back in july, virago & i went to milwaukee to see four legends of midwest breakcore: stunt rock, abelcain, doormouse, and anonymous. (doormouse, you may recall, headlined the after-party at our wedding.)

the show was great, with three of the performers effectively coming out of retirement for the show. the music was great, we got to chat and catch up with doormouse and stunt rock, and made some new friends. and we did other fun milwaukee stuff like dining out (milwaukee loves friday fish fries and something called "pulled ham", which is like pulled pork, except it's ham), record shopping, and the obligatory brewery tour.

then on the way home, we were cruising the chicago freeway when another driver "fell asleep" and crashed into my rear bumper at full speed. (i don't know how you fall asleep on the freeway at 3 in the afternoon without drugs, alcohol, or a medical condition, but that was her story.) we were then pushed down the freeway an unknown distance, hit the curb, and spun around 360 degrees, ending up in the left lane with a broken front axle.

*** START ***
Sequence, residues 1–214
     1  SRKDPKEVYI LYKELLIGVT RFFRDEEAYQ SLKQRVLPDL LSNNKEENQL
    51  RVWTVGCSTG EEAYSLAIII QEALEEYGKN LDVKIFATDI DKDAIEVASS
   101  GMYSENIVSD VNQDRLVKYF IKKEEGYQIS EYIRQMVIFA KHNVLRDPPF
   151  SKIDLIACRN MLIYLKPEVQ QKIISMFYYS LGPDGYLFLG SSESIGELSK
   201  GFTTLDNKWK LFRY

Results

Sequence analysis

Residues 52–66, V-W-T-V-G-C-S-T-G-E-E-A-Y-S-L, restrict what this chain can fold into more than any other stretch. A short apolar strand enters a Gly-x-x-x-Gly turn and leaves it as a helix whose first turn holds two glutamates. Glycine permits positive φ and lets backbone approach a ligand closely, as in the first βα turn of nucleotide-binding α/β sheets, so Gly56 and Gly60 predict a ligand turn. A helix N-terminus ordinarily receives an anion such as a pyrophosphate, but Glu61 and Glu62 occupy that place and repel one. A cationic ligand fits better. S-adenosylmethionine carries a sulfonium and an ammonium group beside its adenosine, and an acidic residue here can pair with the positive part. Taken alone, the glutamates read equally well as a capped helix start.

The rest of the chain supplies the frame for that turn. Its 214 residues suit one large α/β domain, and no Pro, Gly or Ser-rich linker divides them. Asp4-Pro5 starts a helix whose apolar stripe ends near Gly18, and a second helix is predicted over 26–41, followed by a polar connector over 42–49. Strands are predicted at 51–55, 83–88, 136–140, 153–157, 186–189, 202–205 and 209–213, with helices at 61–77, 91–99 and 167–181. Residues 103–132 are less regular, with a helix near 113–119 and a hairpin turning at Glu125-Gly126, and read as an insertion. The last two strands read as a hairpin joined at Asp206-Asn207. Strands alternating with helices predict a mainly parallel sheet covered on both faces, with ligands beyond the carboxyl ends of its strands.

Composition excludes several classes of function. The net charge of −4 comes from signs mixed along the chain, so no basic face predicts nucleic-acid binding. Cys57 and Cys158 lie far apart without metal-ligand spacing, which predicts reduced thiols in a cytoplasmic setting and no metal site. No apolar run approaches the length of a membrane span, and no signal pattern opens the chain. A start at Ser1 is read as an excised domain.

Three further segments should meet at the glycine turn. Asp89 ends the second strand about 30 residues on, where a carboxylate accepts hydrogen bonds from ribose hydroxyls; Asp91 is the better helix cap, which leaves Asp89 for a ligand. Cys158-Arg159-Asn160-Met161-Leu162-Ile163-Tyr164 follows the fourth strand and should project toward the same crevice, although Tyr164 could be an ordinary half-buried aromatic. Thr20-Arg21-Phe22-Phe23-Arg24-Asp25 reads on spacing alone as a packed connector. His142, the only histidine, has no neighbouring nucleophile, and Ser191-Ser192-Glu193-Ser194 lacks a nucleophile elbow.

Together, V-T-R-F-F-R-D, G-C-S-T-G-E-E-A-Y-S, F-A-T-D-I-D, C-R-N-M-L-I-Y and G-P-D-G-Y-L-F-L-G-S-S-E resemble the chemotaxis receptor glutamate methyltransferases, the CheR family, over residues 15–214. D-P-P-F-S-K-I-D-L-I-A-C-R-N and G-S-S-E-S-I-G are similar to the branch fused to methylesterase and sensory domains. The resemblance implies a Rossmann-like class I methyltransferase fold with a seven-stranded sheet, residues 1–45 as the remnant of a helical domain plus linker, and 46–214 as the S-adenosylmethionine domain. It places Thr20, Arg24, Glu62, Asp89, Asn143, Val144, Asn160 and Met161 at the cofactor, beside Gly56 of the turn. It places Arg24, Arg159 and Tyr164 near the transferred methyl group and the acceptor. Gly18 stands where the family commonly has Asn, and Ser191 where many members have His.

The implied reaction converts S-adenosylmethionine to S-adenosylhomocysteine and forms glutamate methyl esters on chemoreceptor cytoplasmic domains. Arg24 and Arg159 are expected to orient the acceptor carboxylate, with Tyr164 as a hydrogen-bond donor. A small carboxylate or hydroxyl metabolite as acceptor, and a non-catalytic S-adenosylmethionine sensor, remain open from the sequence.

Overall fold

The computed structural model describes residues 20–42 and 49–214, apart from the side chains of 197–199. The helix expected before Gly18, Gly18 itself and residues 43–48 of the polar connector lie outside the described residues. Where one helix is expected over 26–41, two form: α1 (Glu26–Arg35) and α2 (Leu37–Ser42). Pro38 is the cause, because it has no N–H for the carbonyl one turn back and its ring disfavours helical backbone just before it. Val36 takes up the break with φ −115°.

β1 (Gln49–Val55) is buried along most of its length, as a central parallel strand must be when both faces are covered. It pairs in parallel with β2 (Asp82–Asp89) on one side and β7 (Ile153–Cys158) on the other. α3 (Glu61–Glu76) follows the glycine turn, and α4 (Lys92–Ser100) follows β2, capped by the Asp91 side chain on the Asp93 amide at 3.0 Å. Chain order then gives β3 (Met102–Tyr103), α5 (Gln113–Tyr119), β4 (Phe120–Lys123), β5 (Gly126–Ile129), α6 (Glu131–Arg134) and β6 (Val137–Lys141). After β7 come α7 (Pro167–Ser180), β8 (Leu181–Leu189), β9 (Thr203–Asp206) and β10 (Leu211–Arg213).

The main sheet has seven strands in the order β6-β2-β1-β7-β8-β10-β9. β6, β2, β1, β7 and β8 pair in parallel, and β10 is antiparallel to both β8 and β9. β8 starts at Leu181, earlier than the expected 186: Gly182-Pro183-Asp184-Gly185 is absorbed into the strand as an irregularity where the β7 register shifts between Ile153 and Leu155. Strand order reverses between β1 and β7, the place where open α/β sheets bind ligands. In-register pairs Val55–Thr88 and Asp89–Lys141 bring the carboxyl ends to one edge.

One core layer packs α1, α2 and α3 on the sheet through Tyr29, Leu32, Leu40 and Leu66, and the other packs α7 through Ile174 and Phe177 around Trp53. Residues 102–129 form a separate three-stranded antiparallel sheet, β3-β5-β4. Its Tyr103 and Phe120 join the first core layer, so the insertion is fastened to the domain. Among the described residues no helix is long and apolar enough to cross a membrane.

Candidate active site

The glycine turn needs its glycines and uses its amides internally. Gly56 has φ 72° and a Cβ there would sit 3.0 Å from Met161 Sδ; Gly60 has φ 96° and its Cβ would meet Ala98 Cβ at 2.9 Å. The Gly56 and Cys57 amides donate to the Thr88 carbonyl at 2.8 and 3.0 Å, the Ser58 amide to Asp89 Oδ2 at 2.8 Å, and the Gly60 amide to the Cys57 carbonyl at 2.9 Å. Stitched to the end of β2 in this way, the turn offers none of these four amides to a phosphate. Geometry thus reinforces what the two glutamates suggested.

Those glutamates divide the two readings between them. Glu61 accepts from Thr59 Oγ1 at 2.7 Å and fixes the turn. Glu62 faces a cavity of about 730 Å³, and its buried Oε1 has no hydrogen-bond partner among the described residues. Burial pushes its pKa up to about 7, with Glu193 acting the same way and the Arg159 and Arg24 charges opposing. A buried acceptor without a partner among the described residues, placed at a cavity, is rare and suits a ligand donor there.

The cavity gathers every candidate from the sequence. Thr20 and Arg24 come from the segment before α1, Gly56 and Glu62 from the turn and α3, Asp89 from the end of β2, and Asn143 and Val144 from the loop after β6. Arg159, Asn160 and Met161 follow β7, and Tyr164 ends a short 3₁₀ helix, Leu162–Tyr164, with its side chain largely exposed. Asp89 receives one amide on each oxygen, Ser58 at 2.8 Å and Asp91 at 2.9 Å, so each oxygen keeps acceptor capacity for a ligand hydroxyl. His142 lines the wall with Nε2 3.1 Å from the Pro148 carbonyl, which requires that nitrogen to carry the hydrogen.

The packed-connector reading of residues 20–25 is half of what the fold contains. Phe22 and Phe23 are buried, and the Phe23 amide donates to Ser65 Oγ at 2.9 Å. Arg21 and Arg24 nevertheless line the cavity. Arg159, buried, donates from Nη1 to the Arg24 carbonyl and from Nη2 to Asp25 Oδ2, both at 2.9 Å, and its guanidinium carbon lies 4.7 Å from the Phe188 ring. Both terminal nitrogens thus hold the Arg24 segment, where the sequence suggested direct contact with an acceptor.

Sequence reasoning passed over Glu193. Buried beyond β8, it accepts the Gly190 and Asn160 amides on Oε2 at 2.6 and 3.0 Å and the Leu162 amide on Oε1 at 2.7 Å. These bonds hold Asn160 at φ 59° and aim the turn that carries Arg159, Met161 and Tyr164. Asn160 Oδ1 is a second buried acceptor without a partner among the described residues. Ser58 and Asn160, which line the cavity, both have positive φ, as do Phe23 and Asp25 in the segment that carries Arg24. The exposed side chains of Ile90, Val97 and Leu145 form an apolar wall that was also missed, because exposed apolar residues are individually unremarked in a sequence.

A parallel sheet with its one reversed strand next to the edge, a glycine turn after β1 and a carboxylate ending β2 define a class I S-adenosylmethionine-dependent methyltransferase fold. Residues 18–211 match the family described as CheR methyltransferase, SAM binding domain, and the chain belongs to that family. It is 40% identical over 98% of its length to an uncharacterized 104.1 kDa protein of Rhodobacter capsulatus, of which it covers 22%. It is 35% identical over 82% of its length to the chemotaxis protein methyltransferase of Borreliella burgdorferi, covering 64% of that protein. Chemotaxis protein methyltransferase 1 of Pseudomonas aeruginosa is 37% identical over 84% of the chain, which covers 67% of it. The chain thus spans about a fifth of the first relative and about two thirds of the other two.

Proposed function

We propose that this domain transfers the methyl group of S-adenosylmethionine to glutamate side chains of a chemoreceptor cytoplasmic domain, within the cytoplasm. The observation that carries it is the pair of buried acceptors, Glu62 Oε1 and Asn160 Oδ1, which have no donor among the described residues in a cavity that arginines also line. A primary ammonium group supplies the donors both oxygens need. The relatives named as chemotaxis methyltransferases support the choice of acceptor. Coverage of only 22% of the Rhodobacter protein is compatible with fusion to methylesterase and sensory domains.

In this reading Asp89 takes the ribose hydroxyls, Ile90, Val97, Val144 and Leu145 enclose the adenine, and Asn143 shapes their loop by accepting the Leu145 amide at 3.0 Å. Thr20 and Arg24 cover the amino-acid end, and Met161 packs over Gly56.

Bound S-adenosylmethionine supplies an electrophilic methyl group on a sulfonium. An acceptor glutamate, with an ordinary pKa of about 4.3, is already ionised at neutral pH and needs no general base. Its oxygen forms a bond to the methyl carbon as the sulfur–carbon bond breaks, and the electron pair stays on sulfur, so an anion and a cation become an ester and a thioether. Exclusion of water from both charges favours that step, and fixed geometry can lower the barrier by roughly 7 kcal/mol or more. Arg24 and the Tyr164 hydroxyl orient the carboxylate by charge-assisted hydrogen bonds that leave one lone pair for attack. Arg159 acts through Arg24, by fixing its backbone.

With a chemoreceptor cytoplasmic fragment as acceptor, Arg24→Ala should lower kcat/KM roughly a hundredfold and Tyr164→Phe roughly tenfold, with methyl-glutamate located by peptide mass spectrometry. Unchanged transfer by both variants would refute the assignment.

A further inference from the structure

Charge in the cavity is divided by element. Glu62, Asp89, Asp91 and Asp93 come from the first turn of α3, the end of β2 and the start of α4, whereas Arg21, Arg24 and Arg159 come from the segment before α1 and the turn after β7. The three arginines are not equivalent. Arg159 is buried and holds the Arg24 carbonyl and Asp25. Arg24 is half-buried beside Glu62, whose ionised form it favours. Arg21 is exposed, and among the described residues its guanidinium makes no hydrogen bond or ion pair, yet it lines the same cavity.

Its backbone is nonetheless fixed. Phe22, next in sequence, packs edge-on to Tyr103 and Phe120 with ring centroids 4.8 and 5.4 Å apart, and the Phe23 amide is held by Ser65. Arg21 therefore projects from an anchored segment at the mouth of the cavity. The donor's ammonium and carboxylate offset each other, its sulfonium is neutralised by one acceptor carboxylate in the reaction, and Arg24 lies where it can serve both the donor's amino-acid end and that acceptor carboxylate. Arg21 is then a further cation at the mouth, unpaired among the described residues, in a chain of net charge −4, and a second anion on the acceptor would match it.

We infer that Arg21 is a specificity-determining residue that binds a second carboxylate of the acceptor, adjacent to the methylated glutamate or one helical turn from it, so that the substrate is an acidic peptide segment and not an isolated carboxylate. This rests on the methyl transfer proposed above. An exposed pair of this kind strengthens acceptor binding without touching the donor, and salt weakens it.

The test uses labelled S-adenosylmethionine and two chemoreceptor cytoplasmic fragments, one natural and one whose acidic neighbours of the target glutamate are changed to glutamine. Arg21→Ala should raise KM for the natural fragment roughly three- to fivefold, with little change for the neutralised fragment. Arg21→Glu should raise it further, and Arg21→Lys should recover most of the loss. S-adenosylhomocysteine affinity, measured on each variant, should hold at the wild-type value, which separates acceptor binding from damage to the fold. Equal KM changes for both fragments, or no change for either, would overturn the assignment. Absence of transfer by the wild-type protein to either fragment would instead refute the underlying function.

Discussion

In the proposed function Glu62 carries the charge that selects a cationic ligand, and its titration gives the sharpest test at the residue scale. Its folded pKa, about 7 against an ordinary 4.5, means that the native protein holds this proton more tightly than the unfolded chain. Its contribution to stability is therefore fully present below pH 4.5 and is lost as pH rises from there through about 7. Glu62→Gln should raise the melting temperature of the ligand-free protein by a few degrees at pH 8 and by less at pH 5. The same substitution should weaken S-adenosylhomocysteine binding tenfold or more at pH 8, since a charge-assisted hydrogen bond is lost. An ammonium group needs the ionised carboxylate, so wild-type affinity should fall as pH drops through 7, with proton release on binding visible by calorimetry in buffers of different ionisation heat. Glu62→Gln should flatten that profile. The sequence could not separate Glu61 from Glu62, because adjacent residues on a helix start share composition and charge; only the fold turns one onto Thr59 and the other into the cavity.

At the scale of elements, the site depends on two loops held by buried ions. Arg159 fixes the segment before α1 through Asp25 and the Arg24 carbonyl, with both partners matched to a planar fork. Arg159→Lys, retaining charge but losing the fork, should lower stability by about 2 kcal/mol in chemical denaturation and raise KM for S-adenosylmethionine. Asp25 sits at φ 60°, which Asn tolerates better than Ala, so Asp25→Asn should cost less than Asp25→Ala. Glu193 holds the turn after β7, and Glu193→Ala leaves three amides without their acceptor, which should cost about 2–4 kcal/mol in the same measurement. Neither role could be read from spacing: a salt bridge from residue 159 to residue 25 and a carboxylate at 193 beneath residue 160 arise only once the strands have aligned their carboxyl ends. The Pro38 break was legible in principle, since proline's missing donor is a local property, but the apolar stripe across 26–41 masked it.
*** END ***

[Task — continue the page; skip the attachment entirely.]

somehow, despite the fact that the chicago freeway is pretty busy on a weekday mid-afternoon, we didn't hit the median or any other vehicles. we could easily have been killed, but escaped with only minor injuries (virago had some back pain for a few days, but that was it). but of course my car was totaled, and the six-pack of new glarus beer i had picked up to bring home was in the trunk right at the point of impact, sending beer and broken glass all over the trunk, and damaging a few of the records i'd brought with me for trade.

so that sucked, but at the same time it became an opportunity to get a newer car. after getting our insurance check, we headed out to terry lee honda (chosen because it was the best-reviewed honda dealer in the metro area, and after going there it's clear why) and now we have a 2011 civic—the same model as my previous car, only 10 years newer, in black, and a touch more blinged out.